It’s time to act to save the Reef, finds new report
Even if appropriate action is taken to cut carbon emissions, economic losses of up to 66% are still expected for the industry. This research was undertaken by the High-Level Panel for a Sustainable Ocean Economy – a group of 14 heads of state, including Australia.
In Australia, as well as being a cultural icon, The Great Barrier Reef tourism industry supports two million tourists a year, sustains 64,000 jobs and generates $6 billion dollars annually. On the west coast, our country’s other World Heritage-listed reef – Ningaloo – is visited by more than 200,000 people per year.
Australian Marine Conservation Society (AMCS) Director of Strategy Imogen Zethoven stated that the research showed a strong incentive for the Australian Government to take a global leadership stance on climate change, including an urgent transition to renewable energies in an effort to save our World Heritage Reefs.
In early December “the Australian Government stated in its Great Barrier Reef report to UNESCO’s World Heritage Committee that climate change is the Reef’s biggest threat. But it did not commit to actions through to 2030 that will limit national and global temperature to a level that would secure its future,” Ms Zethoven said.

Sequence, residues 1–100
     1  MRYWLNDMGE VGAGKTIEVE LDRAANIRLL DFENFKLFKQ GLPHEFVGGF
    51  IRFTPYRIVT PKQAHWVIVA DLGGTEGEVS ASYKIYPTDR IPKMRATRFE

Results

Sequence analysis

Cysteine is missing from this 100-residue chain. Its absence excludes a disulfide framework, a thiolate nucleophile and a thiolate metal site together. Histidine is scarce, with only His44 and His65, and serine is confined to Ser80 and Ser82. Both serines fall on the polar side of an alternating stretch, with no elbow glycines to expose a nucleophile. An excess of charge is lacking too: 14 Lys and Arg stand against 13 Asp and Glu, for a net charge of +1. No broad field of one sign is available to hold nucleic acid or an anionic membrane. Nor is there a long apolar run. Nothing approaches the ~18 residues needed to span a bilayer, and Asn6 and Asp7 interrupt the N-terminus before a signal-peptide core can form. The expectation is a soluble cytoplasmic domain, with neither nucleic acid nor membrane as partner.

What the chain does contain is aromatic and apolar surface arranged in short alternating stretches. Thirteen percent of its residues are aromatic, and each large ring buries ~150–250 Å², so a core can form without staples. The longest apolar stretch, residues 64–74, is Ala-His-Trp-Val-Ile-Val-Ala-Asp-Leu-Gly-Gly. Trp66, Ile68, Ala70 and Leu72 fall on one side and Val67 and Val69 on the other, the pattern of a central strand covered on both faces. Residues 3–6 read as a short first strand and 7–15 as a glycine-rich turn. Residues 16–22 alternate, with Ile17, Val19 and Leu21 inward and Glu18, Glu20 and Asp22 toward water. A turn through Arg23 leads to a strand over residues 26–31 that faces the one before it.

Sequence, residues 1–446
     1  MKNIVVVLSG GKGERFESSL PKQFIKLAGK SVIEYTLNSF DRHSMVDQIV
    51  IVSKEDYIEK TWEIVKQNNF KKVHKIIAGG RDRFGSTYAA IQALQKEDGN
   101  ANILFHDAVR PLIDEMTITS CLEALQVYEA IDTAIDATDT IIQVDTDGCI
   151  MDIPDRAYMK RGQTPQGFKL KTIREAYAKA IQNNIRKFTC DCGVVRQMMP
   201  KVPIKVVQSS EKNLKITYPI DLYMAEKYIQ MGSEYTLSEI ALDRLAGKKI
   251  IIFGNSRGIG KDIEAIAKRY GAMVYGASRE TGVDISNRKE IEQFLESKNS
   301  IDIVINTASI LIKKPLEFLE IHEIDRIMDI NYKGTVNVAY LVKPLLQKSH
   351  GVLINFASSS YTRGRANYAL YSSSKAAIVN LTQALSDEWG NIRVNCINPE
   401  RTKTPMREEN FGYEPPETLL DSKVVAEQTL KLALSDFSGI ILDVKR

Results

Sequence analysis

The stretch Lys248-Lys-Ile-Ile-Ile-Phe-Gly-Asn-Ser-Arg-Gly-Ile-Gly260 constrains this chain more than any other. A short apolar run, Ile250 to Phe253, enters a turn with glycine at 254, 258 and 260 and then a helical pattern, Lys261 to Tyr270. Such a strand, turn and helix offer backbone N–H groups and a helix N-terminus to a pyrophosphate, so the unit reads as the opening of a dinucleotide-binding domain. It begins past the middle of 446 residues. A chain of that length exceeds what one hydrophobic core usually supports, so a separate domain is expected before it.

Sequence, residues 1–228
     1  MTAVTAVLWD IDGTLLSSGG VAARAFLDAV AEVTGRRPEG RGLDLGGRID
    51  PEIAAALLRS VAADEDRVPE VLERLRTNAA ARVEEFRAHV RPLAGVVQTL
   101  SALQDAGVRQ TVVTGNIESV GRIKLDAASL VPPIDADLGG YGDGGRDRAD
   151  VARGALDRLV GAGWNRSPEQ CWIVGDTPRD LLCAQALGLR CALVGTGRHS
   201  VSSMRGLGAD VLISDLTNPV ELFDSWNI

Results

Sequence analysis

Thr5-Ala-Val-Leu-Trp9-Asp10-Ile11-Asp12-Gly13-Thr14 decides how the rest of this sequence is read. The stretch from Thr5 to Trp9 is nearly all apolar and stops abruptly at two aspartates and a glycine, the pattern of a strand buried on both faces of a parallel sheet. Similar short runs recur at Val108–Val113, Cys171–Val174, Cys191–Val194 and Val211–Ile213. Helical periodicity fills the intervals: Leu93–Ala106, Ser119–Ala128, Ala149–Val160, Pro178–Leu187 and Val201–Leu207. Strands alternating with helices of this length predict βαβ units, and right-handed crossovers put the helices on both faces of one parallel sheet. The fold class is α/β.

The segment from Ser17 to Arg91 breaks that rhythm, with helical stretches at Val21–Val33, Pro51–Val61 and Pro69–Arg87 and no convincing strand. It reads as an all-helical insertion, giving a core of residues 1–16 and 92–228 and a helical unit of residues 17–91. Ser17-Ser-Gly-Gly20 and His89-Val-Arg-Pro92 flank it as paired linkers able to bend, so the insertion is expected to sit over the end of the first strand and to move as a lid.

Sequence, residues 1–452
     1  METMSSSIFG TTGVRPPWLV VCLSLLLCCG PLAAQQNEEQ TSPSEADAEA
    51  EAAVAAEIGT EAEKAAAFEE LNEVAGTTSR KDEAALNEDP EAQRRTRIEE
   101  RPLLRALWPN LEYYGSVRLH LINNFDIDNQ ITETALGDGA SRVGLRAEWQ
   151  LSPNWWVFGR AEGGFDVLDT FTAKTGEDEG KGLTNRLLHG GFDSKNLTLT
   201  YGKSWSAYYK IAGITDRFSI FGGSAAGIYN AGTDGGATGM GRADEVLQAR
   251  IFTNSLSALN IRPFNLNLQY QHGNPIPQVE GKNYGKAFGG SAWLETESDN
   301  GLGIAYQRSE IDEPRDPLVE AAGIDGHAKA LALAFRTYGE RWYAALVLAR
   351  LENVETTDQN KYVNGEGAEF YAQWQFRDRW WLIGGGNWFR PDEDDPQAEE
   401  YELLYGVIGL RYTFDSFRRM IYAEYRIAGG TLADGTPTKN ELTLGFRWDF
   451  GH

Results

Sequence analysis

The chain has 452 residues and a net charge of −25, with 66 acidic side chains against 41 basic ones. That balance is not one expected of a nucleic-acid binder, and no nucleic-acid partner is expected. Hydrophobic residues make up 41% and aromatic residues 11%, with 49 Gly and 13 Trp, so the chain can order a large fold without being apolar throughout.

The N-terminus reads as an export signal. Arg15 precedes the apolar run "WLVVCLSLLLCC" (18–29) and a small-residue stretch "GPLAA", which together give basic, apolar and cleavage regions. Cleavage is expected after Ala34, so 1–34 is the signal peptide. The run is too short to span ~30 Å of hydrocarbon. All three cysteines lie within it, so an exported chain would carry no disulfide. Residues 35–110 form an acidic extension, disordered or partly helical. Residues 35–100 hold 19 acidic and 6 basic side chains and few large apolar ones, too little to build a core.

“The breathtaking beauty of our Great Barrier Reef is a magnet for tourists from around the world and is part of our national identity as Australians. But the recent back-to-back coral bleaching events caused by a warming ocean driven by climate change shows that our Reef is in grave danger. We should be doing all we can to help sustain its beauty and biodiversity and ensure the Reef tourism industry has a future.
“It’s not too late to save our Reef, but time is critical as this latest report illustrates. Australia needs to commit to rapid and drastic reductions in greenhouse gas emissions to limit global warming to no more than 1.5 C which will safeguard the future of our Reef and avert an economic crisis for the tourism industry.”
The life of reefs is a global issue, as shown by The High-Level Panel analysis, which used new models to assess impacts at country and regional levels around the world. The analysis identified that coral reef tourism industries in Egypt, Indonesia, Mexico and Thailand will also be significantly impacted.
Overall, the research calls for more conservation and restoration measures for coral reefs around the world, to help protect their life, and reduce the long-term climate impact of tourism.